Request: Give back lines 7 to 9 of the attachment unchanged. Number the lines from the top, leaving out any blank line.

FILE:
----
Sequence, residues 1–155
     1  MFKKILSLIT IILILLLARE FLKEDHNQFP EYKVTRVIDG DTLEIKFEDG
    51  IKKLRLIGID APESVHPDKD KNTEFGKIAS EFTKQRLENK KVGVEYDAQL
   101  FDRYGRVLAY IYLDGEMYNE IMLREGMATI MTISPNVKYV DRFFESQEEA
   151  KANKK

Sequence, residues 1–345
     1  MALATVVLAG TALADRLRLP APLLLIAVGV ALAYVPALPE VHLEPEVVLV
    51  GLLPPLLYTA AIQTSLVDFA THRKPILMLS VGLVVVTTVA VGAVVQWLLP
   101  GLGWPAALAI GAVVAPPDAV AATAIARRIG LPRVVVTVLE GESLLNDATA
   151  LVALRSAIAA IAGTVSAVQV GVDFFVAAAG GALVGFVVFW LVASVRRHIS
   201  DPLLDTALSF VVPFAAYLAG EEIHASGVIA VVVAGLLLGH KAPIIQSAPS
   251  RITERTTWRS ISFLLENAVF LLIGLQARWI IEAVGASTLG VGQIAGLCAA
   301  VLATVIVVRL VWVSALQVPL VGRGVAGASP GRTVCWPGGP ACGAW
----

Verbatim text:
     1  MALATVVLAG TALADRLRLP APLLLIAVGV ALAYVPALPE VHLEPEVVLV
    51  GLLPPLLYTA AIQTSLVDFA THRKPILMLS VGLVVVTTVA VGAVVQWLLP
   101  GLGWPAALAI GAVVAPPDAV AATAIARRIG LPRVVVTVLE GESLLNDATA